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Commentary: Law and Politics: We waiting like people in detention
Published on May 6, 2014 Email To Friend    Print Version

By Lloyd Noel

A concerned citizen approached me a couple weeks ago and suggested that we in these Spice Isles are like a people in detention – just waiting and hoping and many on their knees praying for release – but no one in authority even suggesting for how much longer we will have to wait.

Lloyd Noel is a former attorney general of Grenada, prominent attorney at law and political commentator
The person knew that I was one of the detainees who were picked up by the PRG regime and held at Richmond Hill Prison or Hope Vale Detention Camp indefinitely – with no charge or trial for any wrongdoing.

And many spent over three years in detention before we were released by the troops sent into Grenada by the late President Ronald Reagan of the USA.

We cannot expect to get that kind of release in our current situation, but a whole lot of our people are praying that some good Samaritans in the persons of investors or moneylenders will sooner than later come our way to help in easing up the financial crisis we are facing on a daily basis.

It is very obvious that such persons will not come to our rescue or assistance without the invitation of the government in control, and after in-depth negotiations with the controllers about terms and conditions on the way ahead.

But we are into the second year of the total winners in control – and so far nothing is being said about those promised investors, and that most definitely had a whole lot to do with the winners’ success at the polls.

The IMF minor assistance – after the controllers agreed to a structural adjustment program (SAP) for the next three years – will not take us anywhere, and the promise of another hundred million from other lenders will help to some extent, but again not very much in our present situation.

We already have a national debt of $2.4 billion and, according to the controllers, nothing has been paid towards reducing that debt for years so, now that we are going to increase it by another one hundred million, I fail to see how those in control will be able to pay anything to reduce it anytime soon.

Against that background, therefore, we need those foreign investors that the NNP leader was boasting he had in waiting during the election campaign last year and which won his party all the seats in our Parliament for the next four years.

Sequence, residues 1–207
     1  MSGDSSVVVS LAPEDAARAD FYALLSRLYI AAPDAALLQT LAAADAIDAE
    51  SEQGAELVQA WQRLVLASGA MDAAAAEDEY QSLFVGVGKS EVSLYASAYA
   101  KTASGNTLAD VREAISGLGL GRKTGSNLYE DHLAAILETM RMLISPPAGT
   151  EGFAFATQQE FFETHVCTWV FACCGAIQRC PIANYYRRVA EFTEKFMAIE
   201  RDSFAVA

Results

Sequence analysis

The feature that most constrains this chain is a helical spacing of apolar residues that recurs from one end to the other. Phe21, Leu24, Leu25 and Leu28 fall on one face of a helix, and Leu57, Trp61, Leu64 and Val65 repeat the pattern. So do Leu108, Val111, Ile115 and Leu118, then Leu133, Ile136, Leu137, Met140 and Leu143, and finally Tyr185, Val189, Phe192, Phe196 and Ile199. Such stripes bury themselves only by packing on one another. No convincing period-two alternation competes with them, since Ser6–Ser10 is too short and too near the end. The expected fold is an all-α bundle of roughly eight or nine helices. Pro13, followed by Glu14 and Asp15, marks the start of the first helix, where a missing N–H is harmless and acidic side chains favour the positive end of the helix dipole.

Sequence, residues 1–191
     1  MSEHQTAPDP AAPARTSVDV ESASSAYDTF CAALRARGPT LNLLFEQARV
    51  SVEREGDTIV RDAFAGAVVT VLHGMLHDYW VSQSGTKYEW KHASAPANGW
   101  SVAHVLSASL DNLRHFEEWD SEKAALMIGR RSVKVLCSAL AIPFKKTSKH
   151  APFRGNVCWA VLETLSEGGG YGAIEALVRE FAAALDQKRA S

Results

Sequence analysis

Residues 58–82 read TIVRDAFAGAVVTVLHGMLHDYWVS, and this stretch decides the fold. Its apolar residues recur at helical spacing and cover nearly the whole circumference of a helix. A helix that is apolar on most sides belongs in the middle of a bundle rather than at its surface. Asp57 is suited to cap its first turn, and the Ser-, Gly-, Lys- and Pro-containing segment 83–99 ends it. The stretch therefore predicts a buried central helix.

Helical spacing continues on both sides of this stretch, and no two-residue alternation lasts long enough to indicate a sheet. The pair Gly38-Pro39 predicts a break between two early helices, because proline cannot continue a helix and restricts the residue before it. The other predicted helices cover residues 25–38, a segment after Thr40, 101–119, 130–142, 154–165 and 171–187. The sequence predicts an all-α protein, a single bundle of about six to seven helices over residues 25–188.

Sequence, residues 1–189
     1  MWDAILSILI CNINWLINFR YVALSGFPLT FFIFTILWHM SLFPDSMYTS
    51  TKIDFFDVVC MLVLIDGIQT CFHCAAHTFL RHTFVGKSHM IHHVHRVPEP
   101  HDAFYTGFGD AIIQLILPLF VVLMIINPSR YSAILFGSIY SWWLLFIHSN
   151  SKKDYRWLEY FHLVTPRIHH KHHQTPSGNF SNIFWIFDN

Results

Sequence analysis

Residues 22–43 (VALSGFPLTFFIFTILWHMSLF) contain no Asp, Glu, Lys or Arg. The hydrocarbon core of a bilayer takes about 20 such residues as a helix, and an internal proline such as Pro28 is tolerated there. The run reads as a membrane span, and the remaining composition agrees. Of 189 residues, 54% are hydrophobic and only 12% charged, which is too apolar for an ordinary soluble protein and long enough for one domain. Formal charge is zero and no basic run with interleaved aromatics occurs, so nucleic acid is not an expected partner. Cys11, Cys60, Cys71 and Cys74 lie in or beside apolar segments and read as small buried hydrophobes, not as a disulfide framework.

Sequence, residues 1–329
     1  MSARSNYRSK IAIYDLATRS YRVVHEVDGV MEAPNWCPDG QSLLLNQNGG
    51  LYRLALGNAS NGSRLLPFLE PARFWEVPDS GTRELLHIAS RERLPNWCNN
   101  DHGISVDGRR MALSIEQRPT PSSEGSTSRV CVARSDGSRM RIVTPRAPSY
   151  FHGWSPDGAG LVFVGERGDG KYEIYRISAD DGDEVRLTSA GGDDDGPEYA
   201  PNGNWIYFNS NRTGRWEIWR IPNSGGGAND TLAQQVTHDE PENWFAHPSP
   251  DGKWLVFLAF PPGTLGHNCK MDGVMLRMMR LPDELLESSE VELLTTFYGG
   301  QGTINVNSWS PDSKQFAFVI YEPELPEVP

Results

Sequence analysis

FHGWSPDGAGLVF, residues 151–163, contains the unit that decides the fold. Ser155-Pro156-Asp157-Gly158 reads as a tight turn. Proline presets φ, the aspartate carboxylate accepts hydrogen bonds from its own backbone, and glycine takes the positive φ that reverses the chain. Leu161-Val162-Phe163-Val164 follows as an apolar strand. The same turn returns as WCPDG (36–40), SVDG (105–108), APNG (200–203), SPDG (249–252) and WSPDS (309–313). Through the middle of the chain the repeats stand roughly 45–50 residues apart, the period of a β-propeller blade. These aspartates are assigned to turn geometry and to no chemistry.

And there can be no doubting that the most urgent need in our country for years now is the provision of jobs, and from all appearances that need is becoming a whole lot worse as the months move into years, and more young folks finish their school days and join the unemployment queues.

And on the subject of young folks and their need for jobs, the government started the “Imani” program some months ago, and a good number of young people were placed in firms, business houses and in some government departments for training, and they are being paid a small monthly allowance to help them with travelling and meals and clothing for the work places.

From the reports I got in talking to many of them, the program was very welcome and those chosen were making good use of the opportunities.

Lately I heard that some opposition people were complaining that the whole scheme was only intended for NNP supporters’ youngsters and no others, and that it should be discontinued.

Quite a number of young folks whose parents are not NNP supporters have been chosen and are receiving training and making the most of it; so if even there are more young ones from NNP families, they all need the training and the small stipend to help them in these hard times, and the opposition objections should be ignored, and the scheme continued with a good measure of fairness all round.

But overall the waiting game is ongoing and those in dire need continue to live in the hope that sooner rather than very much later things will change for the better.

Of course, the change cannot be like the rescue mission that was sent in by the US president to free Grenadians from detention in 1983.

The pressure and the tension our people were labouring under in those days were very different from what exists nowadays.

And while we are in need of financial assistance from outside sources, to get over our economic problems and put people back at work, that process will take a very much longer period to put it in motion before we begin to see any positive results.

But we have to live and hope that sooner than later some changes will begin to come on stream.
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